Physical Therapist Assistants can assist their patients with common activities: stretching, therapeutic massage, ultrasound therapy, exercises, electrical stimulation, etc.
How to become a physical therapist assistant in Florida?
Now that you know a little more about the job and its benefits, check out our step-by-step guide to becoming a physical therapist assistant. So, let’s start.
Step 1: Get your physical therapist assistant degree.
According to the BLS, all states require PTAs to have an associate’s degree from an accredited program. Earning a degree may sound daunting, but some PTA training can be completed in as little as 18 months. This formal education consists of coursework, laboratory work, and clinical training.
For example, SABER College’s Physical Therapist Assistant Education Program combines theory, skills, and clinical training. The curriculum includes an in-depth study of anatomy and kinesiology, pathophysiology, patient data collection, and therapeutic interventions. After completing the Physical Therapy Assistant program, you will be prepared to provide care under the supervision of a licensed physical therapist.
Step 2: Pass the licensing exam
All states except Colorado and Hawaii require that they hold a PTA license in addition to their associate degree. Once applicants complete the PTA program, they can take the National Physical Therapy Examination (NPTE) for Physical Therapist Assistants. Once you pass this exam, you will become a licensed PTA.
It is essential to prepare thoroughly for the NPTE before taking it. Although it is possible to retake the exam, you can only take the exam three times per year or six times in total. More details about the NPTE can be found on the Federation of State Boards of Physical Therapy website.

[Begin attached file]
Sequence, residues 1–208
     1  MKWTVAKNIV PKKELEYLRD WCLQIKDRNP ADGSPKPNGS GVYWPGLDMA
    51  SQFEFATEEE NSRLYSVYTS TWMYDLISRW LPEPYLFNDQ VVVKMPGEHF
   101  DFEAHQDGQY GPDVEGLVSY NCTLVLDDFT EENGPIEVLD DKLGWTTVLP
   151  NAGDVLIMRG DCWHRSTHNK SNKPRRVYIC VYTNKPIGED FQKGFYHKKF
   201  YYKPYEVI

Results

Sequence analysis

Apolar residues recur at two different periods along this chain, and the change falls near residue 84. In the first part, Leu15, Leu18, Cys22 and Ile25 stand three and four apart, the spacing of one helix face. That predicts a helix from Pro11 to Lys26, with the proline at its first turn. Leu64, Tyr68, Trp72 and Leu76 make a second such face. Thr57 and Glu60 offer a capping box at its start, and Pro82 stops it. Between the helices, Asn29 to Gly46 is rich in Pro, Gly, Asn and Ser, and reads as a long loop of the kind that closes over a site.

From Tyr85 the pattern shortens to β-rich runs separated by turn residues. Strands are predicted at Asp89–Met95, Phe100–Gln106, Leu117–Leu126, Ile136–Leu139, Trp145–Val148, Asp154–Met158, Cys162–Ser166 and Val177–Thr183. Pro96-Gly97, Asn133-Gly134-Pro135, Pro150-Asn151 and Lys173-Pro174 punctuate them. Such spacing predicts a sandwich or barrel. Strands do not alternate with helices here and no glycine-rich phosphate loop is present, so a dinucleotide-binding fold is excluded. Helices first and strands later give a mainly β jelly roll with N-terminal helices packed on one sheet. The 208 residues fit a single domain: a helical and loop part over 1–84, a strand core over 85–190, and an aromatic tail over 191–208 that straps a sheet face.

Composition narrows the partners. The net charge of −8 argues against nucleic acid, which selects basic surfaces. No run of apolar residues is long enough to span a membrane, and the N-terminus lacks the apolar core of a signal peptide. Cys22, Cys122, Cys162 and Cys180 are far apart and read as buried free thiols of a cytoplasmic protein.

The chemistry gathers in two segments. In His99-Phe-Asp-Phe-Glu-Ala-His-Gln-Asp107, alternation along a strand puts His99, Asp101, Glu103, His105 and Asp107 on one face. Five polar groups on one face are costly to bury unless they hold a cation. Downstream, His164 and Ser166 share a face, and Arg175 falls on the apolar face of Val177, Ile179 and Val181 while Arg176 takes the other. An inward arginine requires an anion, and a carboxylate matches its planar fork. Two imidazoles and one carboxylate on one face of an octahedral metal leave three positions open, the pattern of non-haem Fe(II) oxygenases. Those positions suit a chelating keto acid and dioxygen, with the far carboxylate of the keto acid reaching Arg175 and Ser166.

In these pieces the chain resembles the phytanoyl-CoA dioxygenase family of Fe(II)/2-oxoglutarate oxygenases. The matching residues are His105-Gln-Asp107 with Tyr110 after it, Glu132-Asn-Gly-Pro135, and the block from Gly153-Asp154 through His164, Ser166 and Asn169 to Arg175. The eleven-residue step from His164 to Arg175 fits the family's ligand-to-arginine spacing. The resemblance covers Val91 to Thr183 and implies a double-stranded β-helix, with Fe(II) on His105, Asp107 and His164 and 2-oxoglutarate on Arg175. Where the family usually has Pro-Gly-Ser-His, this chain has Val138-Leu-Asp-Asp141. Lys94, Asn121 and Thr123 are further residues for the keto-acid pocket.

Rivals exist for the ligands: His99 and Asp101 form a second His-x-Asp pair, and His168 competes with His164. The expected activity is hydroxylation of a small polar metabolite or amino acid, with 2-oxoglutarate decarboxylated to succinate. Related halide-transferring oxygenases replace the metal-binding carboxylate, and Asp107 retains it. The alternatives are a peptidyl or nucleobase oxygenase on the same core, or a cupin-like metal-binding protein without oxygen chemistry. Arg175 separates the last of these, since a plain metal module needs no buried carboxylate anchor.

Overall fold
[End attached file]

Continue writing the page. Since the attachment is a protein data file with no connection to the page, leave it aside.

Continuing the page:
Depending on the state, Physical Therapist Assistants may also take continuing education courses to maintain their licenses.
Step 3: Brush up on those in-demand PTA skills
After you earn your associate’s degree and pass the NPTE, you are almost ready to begin your career as a PTA. But before you jump into the career search process, it’s helpful to know precisely what employers are looking for so you can come prepared to do your best.
We used real-time job analytics software to examine more than 30,000 physical therapist jobs posted in the past year. The data helped us identify the top skills employers are looking for:
- Treatment planning
- Patient care
- Cardiopulmonary resuscitation (CPR)
- Home Health
- Patient and family education
While a tremendous Physical Therapist Assistant Program is designed to equip you with the necessary technical skills, a little extra skill in these areas will help your resume stand out to employers. You can also consider getting involved in extracurricular activities to improve your skills.
Step 4: Brush up on your resume and interview skills and start applying.
No matter what job you are applying for, taking the time to update and polish your resume will help improve your chances of getting a callback. You will also want to work on your interviewing skills as you search.
When you start your job search, understand your preferred practice areas: do you want to work with athletes? Older people? People with disabilities? While this may not be practical in all locations, narrowing your search and tailoring your resume and interview answers to your preferred area of physical therapy can help you prioritize and focus your search.